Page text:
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141 J.P.N. 1 (1977)

handle is hein.journals/cljw141 and id is 1 raw text is: 



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                    LONDON,  SATURDAY,  JANUARY  1, 1977. VOL. 141 No. 1 Pages 1 - 16

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notes of the week

Compensation for Loss
   The  case of  Cadamarteri  (1976)
The  Times, December 1, will no doubt
be quoted  in courts up and down the
country for some time by defence soli-
citors as authority for the proposition
that compensation should not be award-
ed against an offender where the stolen
property is returned in full, even though
it is in dismantled form. In fact, that is
not quite the point decided.
   In that case the defendant appealed
successfully to the Court of  Appeal
against a  £250  compensation  order
made  at Bradford Crown Court follow-
ing his conviction for handling a stolen
mini car. Evidence had been given that
at the date of the theft the car had a
value of £250, and it was found part-
ially dismantled at the appellant's garage.
The  pieces had been retained as exhi-
bits for the trial. Quashing the order of
compensation, Bridge, L.J., said that no
damage  had  been suffered within the
meaning of s.35 of the Powers of Crim-
inal Courts  Act  1973, because  the
pieces had been recovered and this did
not support a compensation order in the
amount  of the value of the car as assess-
ed at the date of the loss. Similarly, he
said, there was no basis on the evidence
of  the difference in value of the car
when  stolen and its value in its dis-
mantled  condition with  the  benefit
of the work  done to it by the appell-
ant when  it had been recovered. The
compensation  order  had  been made
without any proper basis for it.

   Section 35 allows the court to make
a compensation order for any personal
injury, loss or damage resulting from
the offence. Clearly, where the whole of
the property is recovered in dismantled
form  there can be no basis under the
present law for making an order of com-
pensation for  its full value. Perhaps
there should be: it seems hard that the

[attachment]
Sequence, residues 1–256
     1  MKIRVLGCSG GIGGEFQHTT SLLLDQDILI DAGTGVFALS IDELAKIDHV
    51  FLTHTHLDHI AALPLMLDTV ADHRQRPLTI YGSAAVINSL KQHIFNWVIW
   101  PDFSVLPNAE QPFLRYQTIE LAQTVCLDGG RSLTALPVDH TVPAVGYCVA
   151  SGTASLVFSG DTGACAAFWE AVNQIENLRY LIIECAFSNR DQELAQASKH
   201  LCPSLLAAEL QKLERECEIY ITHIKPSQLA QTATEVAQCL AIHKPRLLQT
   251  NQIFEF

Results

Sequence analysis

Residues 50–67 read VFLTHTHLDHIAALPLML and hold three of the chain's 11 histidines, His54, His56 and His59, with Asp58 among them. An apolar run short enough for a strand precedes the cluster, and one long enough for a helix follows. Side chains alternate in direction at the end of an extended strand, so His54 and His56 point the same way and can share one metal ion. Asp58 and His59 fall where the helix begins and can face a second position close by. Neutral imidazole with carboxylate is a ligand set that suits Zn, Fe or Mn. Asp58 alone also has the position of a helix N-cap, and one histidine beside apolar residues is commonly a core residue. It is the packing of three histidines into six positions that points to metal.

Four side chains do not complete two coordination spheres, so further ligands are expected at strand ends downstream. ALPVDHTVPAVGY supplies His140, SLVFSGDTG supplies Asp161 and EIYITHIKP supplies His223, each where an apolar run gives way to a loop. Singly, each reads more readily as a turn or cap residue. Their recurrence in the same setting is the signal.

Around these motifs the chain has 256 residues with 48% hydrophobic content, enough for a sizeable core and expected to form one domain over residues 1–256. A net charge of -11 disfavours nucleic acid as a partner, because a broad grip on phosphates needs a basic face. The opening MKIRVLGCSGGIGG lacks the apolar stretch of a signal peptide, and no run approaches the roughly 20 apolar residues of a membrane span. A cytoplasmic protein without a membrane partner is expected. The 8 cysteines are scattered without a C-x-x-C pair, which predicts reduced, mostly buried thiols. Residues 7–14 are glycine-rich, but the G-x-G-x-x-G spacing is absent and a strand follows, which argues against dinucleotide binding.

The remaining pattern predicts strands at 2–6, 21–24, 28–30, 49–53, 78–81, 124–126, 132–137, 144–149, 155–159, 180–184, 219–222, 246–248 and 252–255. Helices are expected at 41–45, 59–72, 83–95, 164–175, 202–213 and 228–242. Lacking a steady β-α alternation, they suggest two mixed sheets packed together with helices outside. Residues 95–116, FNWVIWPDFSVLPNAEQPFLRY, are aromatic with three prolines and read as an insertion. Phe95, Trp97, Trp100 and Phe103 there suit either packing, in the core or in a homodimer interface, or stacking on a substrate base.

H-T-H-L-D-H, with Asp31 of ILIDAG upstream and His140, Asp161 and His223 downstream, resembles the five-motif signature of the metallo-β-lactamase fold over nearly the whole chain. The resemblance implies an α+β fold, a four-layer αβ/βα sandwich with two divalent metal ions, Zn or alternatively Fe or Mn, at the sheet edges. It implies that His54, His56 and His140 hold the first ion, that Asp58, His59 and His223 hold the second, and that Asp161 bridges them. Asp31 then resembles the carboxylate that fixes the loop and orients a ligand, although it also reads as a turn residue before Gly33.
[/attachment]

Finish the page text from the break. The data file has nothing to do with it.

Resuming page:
owner  should be required to take back a
car which has been so forcibly abused
and it would not seem for a moment un-
just for the court to have power  to
make  an order against the offender that
he compensate his victim in full and be
allowed to keep the dismantled pieces.
Nevertheless, that is not the law.
   What  Cadamarteri does not say  is
that, where a thief or handler dismantles
the stolen property and it is recovered
in dismantled form that there can be no
basis for a compensation order. Presum-
ably, if the prosecution or the owner
had submitted a bill for the cost of re-
assembling the car to its pristine con-
dition that sum could have been made
the subject of a compensation order as
a loss resulting from the offence. Where
the court went wrong was in making a
financial order which ignored the reali-
ties of the situation.

Duty Solicitor Schemes
   Mr. Michael King, lecturer in law at
Warwick University, who under the aus-
pices of the Cobden Trust, the research
offshoot of the National Council for
Civil Liberties, has been examining the
effects of duty solicitor schemes, is

doubtful about the long term effects of
such schemes on unrepresented defend-
ants in magistrates' courts.
   The research was carried out -at Hen-
don  magistrates' court, one of the first
courts to  introduce a duty  solicitor
scheme. Another  magistrates' court in
north London, Harrow, which had not a
duty  solicitor scheme, was used as a
comparison to establish the effect of the
Hendon   scheme. The  research found
that, while there was little difference in
the  proportion of  pleadings of not
guilty and legal aid applications between
the two  courts, significantly more de-
fendants obtained bail on first appear-
ance in the Hendon  court, where the
duty  solicitor scheme was operating.
   Comparing those defendants at Hen-
don  who   were  represented by  the
scheme with those at Hendon who were
not, Mr.  King  found  that a higher
proportion  of   the  scheme-assisted
defendants pleaded not guilty, obtained
bail and were successful in their legal aid
applications. The report finds that the
introduction of the scheme at Hendon
had reduced the tendency for the police
to influence defendants' pleas on first
hearing and had eliminated a degree of
confusion for defendants who were un-
certain about how  to plead. On  the
other hand,  by  encouraging adjourn-
ments, the scheme had counter-balanced
the amount  of the court's time which
the scheme might have saved.
   So far, so good; the research does
little more than confirm the findings of
other research projects concerned with
the effect of legal representation. Mr.

(1) The Effects of a Duty Solicitor Scheme
   by  Michael King. Cobden Trust, 186
   King's Cross Road, London WCIX 9DE.
   Price 70p.

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